Monday, February 20, 2012

Compression and Relief

These are so beautiful, don't you think? Dried persimmon purchased today at an Asian grocery near my home.

J and I went to the grocery together after a visit to the laundromat next door. Sometimes a broken appliance leads to unexpected treasures.

I have come, kicking and screaming, to accept that I have Lymphedema. I'm seeing a physical therapist, and also I've begun to wear a compression sleeve for a few hours most days. Since my insurance allowed for it, I have two identical sleeves which I take turns wearing. They are thick elastic support stocking, both black though I could have chosen other colors, tight-fitting from wrist to armpit.

The sleeve is comfortable when I first put it on. Comforting too, in that initial moment, calming my panicky expectation that the swelling around my elbow will increase. Soon I forget that I have it on at all. But after an hour or so I become conscious of it again, finding it increasingly restrictive and difficult to ignore. Eventually I can bear it no longer and peel the thing off, which probably doesn't help things any. But it is an incredible relief.

I don't know if the swelling will get worse inevitably, if my efforts are akin to trying to hold back the tide, or if I might reasonably expect that this minor ache and bulge may be the extent of my suffering and disfigurement for many years to come.

The physical therapist would like me to wear the sleeve at all times during the day (with the exception of while I'm swimming or showering), and a gauntlet as well, which is an extension of support hose from wrist to knuckles, like a tight glove with a partially open thumb and a single opening for the fingers. This garment, also covered by insurance, also black, I hate most of all, as it crowds my thumb and the bones of my hand into a narrow unwieldy curve.

I can't imagine fighting against elastic to spread my fingers on the keyboard or to go about any of the other mundane or creative tasks of my day. Since so far I've had no swelling in my hand at all (except for one morning after I slept in the sleeve - which I've since learned I'm not supposed to do) I take it upon myself, for the time being anyway, to reject my therapist's advice.

I do my best to keep perspective, to recall that I am loved, that I am alive, that I have a good life. Thinking this way is useful at times, a sort of compression sleeve for the mind. But every now and then the pressure builds up and I need to free myself, to admit that this sucks and I'm scared. Though this does nothing to change the situation, just the same, it is an incredible relief.

Wednesday, February 15, 2012

Back in the Saddle

More of my videos here.

Wednesday, February 08, 2012

Comfort + Food

My first impulse this morning. I slice them and eat them the easy, unmannerly way, learned from my father: hold each quarter by it's points and peel the fruit away with your teeth.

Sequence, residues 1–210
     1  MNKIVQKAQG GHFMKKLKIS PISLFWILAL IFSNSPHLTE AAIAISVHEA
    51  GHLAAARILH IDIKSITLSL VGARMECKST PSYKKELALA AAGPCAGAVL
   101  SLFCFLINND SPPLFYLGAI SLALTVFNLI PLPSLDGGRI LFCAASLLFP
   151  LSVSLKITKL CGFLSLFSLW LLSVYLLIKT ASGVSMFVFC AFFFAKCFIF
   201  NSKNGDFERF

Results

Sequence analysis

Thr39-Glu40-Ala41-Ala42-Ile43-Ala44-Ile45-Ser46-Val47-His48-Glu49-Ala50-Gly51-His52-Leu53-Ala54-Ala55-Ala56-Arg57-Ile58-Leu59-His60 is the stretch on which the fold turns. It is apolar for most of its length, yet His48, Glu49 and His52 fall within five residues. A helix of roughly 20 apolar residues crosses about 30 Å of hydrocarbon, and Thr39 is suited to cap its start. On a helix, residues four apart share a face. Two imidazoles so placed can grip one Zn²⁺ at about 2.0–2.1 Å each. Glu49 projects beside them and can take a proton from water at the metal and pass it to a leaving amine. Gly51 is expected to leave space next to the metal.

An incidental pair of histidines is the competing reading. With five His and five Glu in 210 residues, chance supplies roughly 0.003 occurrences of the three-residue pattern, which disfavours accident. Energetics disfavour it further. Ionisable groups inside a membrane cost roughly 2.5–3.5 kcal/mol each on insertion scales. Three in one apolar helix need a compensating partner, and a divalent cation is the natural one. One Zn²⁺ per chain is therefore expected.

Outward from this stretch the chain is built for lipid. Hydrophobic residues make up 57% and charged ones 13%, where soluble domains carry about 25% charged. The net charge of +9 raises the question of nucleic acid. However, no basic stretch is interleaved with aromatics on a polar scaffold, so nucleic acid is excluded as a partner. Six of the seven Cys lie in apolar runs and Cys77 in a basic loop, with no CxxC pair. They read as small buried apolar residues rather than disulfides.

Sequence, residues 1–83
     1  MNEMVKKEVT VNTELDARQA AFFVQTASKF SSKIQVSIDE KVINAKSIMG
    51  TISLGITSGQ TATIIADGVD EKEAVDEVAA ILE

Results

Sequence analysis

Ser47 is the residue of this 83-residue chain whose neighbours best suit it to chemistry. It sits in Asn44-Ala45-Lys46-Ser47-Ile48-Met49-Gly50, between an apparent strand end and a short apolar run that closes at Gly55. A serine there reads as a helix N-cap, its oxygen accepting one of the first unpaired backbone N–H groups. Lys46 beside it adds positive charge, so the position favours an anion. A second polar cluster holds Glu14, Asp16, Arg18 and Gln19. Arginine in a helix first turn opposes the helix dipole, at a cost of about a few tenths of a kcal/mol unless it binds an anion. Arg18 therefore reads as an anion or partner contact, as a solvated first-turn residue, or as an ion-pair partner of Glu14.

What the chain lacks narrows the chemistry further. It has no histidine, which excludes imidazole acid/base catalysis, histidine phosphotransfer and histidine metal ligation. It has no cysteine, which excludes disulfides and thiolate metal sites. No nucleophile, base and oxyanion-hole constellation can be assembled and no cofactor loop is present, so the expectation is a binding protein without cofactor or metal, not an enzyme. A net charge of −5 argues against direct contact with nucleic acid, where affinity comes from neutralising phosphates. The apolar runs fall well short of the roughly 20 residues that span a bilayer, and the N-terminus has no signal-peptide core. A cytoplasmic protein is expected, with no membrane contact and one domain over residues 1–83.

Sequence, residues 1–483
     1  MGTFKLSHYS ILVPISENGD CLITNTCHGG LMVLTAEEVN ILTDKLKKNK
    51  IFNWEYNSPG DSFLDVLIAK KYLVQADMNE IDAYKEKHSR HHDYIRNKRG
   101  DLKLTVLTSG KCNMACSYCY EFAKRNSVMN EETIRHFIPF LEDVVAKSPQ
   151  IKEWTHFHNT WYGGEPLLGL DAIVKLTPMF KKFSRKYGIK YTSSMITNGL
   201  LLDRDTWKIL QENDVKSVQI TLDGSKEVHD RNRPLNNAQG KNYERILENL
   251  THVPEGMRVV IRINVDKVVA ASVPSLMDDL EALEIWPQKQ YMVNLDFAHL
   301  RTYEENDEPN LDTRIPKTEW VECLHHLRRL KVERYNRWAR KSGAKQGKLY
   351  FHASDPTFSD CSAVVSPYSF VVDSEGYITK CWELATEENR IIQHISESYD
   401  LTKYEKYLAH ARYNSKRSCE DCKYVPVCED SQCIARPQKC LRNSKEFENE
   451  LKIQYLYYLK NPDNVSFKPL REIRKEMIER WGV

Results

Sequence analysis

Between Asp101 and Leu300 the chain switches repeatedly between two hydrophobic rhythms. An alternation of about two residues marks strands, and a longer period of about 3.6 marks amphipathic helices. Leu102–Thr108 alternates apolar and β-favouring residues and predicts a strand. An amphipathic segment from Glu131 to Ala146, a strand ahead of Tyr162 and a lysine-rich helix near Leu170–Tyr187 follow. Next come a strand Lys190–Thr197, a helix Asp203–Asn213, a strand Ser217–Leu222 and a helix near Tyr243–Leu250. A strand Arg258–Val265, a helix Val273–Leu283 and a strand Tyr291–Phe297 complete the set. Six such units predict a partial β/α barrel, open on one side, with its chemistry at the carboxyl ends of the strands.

Breakfast cereal is my go-to comfort food. These days, I go light on the cereal but use plenty of additions: this one has walnuts, yellow raisins, banana, shredded unsweetened coconut, and cinnamon.

This morning I woke up feeling that tell-tale rumble in my chest, tickle in my throat, pressure in my head - I'm coming down with something. I'm optimistic that it will be mild and short-lived, but this morning I wanted to listen closely to my body and give it exactly the nourishment required to fight this thing.

Which gets me thinking about the concept of "comfort food." Once upon a time, food and comfort were deeply entwined. Even if we weren't breastfed, someone had to hold us in order to help us take in nourishment. Somewhere along the line, for most of us far too soon, we no longer got that physical contact along with our meals, and it was probably a bit confusing for us little babes in the big woods. For many of us, me included, we turned to the remaining half of the comfort food equation in search of that old feeling of safety. We turned to food.

And now, as adults, we feel alternately defiant and guilty whenever we eat anything but the most austere of leafy fare.

So I'm here today to tell you: it's okay to enjoy your food, to nurture yourself as you nourish yourself. And luckily, our bodies require this pleasure on a regular basis. Several times a day, in fact.

If you find yourself overdoing it, perhaps the solution is not strictly self-discipline, a greater focus on restricted eating, but perhaps a concerted effort to get more human contact. Feast on it! More hugs. More lying in someone's arms. More cuddles that turn into naps in the middle of a Sunday afternoon. If there are no humans around, telephone contact will do in a pinch. And don't forget dogs and teddy bears and blankets on the couch. Treat yourself. You're worth it.

Monday, February 06, 2012

Catching Up on the Vlogs

Little by little...

More of my videos here.

Thursday, February 02, 2012

When All Else Fails, Borscht

There's nothing simpler than borscht and no wrong way to make it. Mine is equal parts chopped beets, carrots, and cabbage, plus an onion, a little dill, and a splash of bright vinegar or lemon juice in the broth (which can begin as any kind of stock or just plain water). After cooking, I put this one through the blender and then added kidney beans, leftover roasted parsnips and Brussels sprouts, and some chopped kale. On top: a little decadent dollop of sour cream (you can use plain yogurt, or a soy or cashew alternative, or go without, it's delicious either way) and a sprinkling of diced sweet Vidalia onion.

Here it is naked, with added veg.

I keep starting and abandoning blog posts. There's so much I'd like to write about but it's overwhelming at the moment and my words come out bla bla bla. I can't quite get to the point. When I find it, I'll let you know. In the meantime, soup. PLUS: If you're curious about my artwork, I'm sharing my latest greeting card productions over here.